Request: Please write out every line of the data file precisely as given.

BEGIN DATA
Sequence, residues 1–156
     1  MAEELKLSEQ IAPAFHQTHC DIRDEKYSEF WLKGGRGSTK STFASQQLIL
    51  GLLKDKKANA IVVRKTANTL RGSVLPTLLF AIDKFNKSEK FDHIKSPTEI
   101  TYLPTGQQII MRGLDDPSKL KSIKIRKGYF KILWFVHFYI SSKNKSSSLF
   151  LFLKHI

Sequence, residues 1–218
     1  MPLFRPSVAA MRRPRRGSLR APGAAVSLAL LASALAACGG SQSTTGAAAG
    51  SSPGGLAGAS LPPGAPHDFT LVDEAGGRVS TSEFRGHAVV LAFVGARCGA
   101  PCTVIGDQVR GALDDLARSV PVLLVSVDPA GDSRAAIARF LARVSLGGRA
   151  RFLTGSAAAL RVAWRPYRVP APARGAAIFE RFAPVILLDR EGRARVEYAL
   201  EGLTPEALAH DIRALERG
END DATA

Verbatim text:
Sequence, residues 1–156
     1  MAEELKLSEQ IAPAFHQTHC DIRDEKYSEF WLKGGRGSTK STFASQQLIL
    51  GLLKDKKANA IVVRKTANTL RGSVLPTLLF AIDKFNKSEK FDHIKSPTEI
   101  TYLPTGQQII MRGLDDPSKL KSIKIRKGYF KILWFVHFYI SSKNKSSSLF
   151  LFLKHI

Sequence, residues 1–218
     1  MPLFRPSVAA MRRPRRGSLR APGAAVSLAL LASALAACGG SQSTTGAAAG
    51  SSPGGLAGAS LPPGAPHDFT LVDEAGGRVS TSEFRGHAVV LAFVGARCGA
   101  PCTVIGDQVR GALDDLARSV PVLLVSVDPA GDSRAAIARF LARVSLGGRA
   151  RFLTGSAAAL RVAWRPYRVP APARGAAIFE RFAPVILLDR EGRARVEYAL
   201  EGLTPEALAH DIRALERG